Annette Marks-Ellis earned her undergraduate and graduate degrees at Columbia University. She has been at CSI and teaching Core 100 since 1999. She has published several articles on African American history, women’s issues, and Caribbean culture.
-11:15am: “The Economics of Slavery” presented by Michael O’Donnell
On the eve of the Civil War, the average slaveholder, according to one estimate, “was more than five times as wealthy as the average Northerner, more than ten times as wealthy as the average non-slaveholding Southern farmer.” This lecture will examine the economic aspects of slavery.
Michael O’Donnell holds a BS in Health Planning and Administration from the University of Illinois, Urbana and an MPA from the University of Illinois, Springfield. Vocationally, he has worked in both the public and private sectors including non-profit, human service organizations and religious corporations as well as the healthcare sector. Most recently, he worked for the New York State Department of Health as a Public Health Preparedness Planner. This one role gave him his best insight into the political world as he coordinated the health department planning activities of 14 counties.
-5:30pm: “The Constitutional Foundations” presented by Natalia Brennan
This lecture will focus on the Articles of Confederation, and explore the reasons why the American people approved it and the weaknesses associated with it.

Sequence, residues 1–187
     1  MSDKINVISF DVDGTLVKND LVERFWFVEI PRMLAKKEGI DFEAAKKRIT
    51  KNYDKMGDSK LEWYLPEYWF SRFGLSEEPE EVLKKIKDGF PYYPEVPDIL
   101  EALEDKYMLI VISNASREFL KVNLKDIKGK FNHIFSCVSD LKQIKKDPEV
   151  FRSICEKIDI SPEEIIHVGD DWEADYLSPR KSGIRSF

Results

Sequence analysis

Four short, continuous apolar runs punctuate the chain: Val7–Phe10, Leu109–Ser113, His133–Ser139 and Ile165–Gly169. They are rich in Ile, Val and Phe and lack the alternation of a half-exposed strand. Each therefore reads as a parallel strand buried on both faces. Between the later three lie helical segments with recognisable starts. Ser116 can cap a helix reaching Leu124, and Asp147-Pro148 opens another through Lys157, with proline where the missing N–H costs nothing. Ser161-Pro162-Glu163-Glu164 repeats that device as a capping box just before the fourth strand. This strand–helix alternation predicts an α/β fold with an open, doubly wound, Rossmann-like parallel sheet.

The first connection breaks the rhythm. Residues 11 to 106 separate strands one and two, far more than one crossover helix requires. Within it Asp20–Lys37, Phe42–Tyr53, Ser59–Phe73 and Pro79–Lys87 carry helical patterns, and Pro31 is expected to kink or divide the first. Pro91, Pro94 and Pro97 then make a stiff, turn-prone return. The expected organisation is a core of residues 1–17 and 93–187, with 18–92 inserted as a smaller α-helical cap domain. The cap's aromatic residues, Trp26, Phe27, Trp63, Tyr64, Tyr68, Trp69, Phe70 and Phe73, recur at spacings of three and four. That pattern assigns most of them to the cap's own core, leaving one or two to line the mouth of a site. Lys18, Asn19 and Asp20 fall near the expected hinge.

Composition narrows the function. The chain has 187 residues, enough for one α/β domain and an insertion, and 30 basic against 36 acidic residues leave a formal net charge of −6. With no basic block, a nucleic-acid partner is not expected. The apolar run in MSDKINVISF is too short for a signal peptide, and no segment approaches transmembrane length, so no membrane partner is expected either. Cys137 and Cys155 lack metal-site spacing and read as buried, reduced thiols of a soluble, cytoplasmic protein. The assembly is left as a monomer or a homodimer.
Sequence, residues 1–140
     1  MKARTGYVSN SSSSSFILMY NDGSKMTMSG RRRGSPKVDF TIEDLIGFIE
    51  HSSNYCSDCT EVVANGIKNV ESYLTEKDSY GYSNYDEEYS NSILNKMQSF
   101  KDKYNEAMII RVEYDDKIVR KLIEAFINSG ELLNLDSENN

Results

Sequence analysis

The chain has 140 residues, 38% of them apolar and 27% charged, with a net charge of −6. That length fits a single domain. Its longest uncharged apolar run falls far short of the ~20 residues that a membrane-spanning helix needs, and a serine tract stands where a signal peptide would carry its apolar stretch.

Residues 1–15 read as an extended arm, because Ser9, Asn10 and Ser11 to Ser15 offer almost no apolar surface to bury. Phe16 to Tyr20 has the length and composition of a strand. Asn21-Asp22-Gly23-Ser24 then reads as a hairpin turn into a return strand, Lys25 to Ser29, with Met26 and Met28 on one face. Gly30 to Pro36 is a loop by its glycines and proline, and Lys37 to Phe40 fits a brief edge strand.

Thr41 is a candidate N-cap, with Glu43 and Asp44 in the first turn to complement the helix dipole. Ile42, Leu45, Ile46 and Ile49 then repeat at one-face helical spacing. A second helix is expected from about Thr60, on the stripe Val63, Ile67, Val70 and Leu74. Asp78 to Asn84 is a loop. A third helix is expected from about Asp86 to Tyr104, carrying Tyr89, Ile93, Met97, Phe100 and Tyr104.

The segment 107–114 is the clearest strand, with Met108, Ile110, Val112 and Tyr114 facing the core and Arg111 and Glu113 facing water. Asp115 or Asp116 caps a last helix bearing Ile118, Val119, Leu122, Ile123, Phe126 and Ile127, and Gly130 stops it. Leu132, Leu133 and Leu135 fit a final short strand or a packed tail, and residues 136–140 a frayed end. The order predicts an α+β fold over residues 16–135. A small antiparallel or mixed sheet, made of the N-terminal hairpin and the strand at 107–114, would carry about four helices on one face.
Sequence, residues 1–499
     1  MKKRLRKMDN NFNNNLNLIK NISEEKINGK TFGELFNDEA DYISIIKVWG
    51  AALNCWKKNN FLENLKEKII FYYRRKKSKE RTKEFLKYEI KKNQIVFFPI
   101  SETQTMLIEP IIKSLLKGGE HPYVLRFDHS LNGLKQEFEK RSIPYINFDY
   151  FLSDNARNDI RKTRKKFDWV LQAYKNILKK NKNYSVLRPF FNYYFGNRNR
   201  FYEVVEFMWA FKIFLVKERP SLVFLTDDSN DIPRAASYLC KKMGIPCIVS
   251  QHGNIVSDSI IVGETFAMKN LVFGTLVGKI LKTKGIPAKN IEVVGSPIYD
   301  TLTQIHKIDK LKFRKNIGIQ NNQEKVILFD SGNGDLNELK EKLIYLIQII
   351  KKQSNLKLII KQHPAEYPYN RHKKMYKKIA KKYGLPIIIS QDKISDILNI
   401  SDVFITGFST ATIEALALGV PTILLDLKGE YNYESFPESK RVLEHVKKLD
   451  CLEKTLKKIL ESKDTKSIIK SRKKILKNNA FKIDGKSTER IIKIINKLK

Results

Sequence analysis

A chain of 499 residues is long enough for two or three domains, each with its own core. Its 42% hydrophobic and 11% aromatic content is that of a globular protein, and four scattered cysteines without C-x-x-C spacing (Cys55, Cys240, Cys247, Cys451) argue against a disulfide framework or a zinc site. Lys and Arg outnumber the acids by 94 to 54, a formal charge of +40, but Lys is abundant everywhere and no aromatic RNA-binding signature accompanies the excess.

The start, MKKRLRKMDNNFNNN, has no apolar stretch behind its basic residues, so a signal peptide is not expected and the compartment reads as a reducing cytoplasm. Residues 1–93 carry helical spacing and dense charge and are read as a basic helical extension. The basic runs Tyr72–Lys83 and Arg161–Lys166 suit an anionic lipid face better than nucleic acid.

Natalia Brennan earned a Bachelo’sr degree in History from Moscow University and Master of Arts degree in History from the College of Staten Island. She has been teaching history at St John Villa Academy High School since 2004. Professor Brennan became a member of the Core 100 faculty in 2011.
6:30pm: “Expressions of Negro Spirituals” presented by Laura Troiano
The lecture is a discussion of the structure, function, and impact that spirituals have had on enslaved African Americans and the importance of religion in understanding the slave experience.
Laura Troiano is a Program Coordinator at the Institute on Ethnicity, Culture, and the Modern Experience and an Adjunct Professor at Rutgers University Newark. She is also a graduate student in the American Studies Doctoral Program at Rutgers-Newark. She has been teaching Core 100 as an Adjunct Professor at CSI since Feb 2009.
Saturday, Sept. 20, 2014
-10:10am: “The Impending Crisis: As the Country Approached War, 1848-1861” presented by Debbie-Ann Paige
This lecture will cover the main events (as well as a few local) that led to the U.S. Civil War. It will encompass key polarizing events and people leading up to the war and finish up when the first shots were fired at Fort Sumter, SC.
Debbie-Ann Paige earned a Bachelor of Science in Business Administration and Human Resource Management from Southern New Hampshire University and both her Bachelor and Master of Arts degrees in History from the College of Staten Island, CUNY. She became a member of the Core 100 faculty in 2013.